Los Angeles Angels Season Recap

Los Angeles Angels Season Recap

by October 9, 2021 0 comments

Even Shohei Ohtani’s historic performance in 2021 was not enough to end the Los Angeles Angels’ seven-season playoff drought. Injuries to key players set the stage for a doomed 60th anniversary season. Perennial MVP candidate Mike Trout suffered a season-ending calf injury in early May. High-priced third baseman Anthony Rendon’s campaign ended with hip surgery, after he played only 58 games. Although Ohtani played like the American League MVP, the three superstars only appeared in the same lineup on 19 occasions in 2021.

Offseason acquisition Alex Cobb and young starters Patrick Sandoval and Jose Suarez were among the few bright spots in the starting rotation. The team finally released ten-year contract albatross Albert Pujols in early May. The decision opened up everyday playing time for first-time All-Star first basemen Jared Walsh. The Angels also did well in dealing pending free agents Andrew Heaney and Tony Watson at the trade deadline.

Make sure to check out all of our other MLB Season Recaps.

Key Info

Manager: Joe Maddon

Record: 77-85

Position: Fourth in AL West

Postseason: Missed playoffs

Overall Performance 

The Angels were in first place in the AL West on April 14. There was reason for optimism, as the Halos offense was clicking. Soon after that, they lost outfielder Dexter Fowler for the season. Then, Rendon’s hip injury began to plague him. As the team continued to play .500 baseball, they could not keep pace with the Houston Astros, Oakland Athletics, and Seattle Mariners in the division.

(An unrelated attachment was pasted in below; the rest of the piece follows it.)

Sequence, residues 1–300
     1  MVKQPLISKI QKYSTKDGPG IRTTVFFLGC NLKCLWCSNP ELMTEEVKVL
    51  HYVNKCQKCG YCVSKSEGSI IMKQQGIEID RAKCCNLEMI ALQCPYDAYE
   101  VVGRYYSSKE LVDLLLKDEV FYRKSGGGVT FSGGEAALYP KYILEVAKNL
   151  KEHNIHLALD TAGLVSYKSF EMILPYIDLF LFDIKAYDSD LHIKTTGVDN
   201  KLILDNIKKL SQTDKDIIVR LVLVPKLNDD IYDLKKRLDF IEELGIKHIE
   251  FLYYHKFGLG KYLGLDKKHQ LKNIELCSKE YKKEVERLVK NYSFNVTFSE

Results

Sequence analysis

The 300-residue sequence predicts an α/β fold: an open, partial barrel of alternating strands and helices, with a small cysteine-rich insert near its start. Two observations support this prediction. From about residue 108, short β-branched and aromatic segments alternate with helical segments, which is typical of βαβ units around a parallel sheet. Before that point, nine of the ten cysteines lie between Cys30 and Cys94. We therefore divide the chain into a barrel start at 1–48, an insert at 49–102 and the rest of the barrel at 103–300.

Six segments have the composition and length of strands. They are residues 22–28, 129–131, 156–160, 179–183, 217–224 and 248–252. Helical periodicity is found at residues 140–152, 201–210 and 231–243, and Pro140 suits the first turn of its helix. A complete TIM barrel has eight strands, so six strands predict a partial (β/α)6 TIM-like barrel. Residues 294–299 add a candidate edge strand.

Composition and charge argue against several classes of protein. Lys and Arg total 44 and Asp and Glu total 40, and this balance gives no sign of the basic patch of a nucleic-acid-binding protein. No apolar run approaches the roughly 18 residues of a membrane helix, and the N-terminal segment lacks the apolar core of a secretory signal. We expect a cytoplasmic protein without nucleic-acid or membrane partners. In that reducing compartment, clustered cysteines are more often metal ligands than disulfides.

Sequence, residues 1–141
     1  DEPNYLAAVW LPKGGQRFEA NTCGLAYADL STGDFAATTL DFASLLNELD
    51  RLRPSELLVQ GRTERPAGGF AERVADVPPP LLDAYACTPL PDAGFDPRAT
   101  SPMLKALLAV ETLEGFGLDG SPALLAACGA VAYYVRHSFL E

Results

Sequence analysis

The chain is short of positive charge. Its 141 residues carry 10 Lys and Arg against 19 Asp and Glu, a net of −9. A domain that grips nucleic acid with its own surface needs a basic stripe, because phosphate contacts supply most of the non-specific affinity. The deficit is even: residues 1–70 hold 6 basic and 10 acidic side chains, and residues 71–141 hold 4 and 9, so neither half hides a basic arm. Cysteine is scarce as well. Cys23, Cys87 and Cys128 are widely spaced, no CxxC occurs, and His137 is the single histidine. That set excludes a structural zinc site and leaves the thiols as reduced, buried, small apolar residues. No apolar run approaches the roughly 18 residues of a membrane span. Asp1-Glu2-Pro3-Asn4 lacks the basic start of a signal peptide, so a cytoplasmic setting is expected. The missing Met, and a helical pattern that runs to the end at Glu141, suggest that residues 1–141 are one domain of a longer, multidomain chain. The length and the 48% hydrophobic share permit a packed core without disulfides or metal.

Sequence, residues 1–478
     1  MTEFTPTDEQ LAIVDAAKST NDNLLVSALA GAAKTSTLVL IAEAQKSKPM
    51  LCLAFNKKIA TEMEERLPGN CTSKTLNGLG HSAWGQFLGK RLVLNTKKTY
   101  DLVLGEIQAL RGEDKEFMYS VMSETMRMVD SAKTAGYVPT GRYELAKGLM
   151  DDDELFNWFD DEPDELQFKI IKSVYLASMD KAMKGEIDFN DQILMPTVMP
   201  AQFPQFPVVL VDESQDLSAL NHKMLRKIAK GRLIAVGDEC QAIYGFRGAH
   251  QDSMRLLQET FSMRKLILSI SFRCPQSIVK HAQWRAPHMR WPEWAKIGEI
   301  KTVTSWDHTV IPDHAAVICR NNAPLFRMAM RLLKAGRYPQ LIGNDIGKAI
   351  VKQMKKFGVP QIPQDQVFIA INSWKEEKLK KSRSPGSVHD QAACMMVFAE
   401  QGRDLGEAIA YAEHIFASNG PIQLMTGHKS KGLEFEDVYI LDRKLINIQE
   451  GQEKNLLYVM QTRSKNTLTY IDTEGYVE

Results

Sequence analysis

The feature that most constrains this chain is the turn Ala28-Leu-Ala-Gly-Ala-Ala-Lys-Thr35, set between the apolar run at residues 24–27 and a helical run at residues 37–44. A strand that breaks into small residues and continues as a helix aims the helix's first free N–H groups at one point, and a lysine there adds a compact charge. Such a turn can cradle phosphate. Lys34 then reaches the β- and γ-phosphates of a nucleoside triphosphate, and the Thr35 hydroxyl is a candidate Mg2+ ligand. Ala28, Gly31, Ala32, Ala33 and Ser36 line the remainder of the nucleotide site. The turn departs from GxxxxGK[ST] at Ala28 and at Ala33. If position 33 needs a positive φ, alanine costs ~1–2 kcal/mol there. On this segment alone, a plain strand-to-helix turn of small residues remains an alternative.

As the team’s best position players struggled with injuries, traditional role players like Phil Gosselin and Jack Mayfield found themselves playing everyday roles. Prospects Jo Adell and Brandon Marsh joined the team in July, giving the team’s brass some hope for the future. The team ultimately finished with a .475 winning percentage, an improvement over the last two seasons.

Award Winners

Most Valuable Player: Shohei Ohtani 

Ohtani’s Wins Above Replacement (WAR) as a batter was 4.9. He launched 46 home runs, while posting a .965 OPS, and driving in 100 RBIs. If that wasn’t enough, the two-way sensation also stole 26 bases in 2021. As a pitcher, Ohtani posted a WAR of 4.1 in 130.1 innings pitched, while limiting opposing batters to a .207 average. After missing most of his first three MLB seasons as a pitcher, he was healthy again in 2021. He mesmerized fans everywhere and solidified himself as the league’s MVP.

Starting Pitcher of the Year: Shohei Ohtani 

Across 23 starts for the team, Ohtani’s 4.1 WAR ranked seventh among AL pitchers, even though he started less than most starters. His 10.8 strikeouts per nine innings would rank him fourth best, if he had pitched the qualified number of innings. The two-way sensation’s 141 ERA+ ranked second in the American League, only behind the Toronto Blue Jays’ Robbie Ray. Maddon allowed Ohtani to dictate his playing time on the mound and in the lineup. This paid dividends to the right-handed pitcher’s success.

Relief Pitcher of the Year: Raisel Iglesias 

Acquired from the Cincinnati Reds in December for pitcher Noe Ramirez and infielder Luis Rivas, Iglesias was a revelation for the Halos, arguably acting as the Angels’ best closer since the departure of Francisco Rodriguez in 2008. Iglesias’ 34 saves were second best in the American League and the most by an Angels closer since Huston Street’s 40 in 2015. He finished the year with a 2.57 ERA in 65 appearances.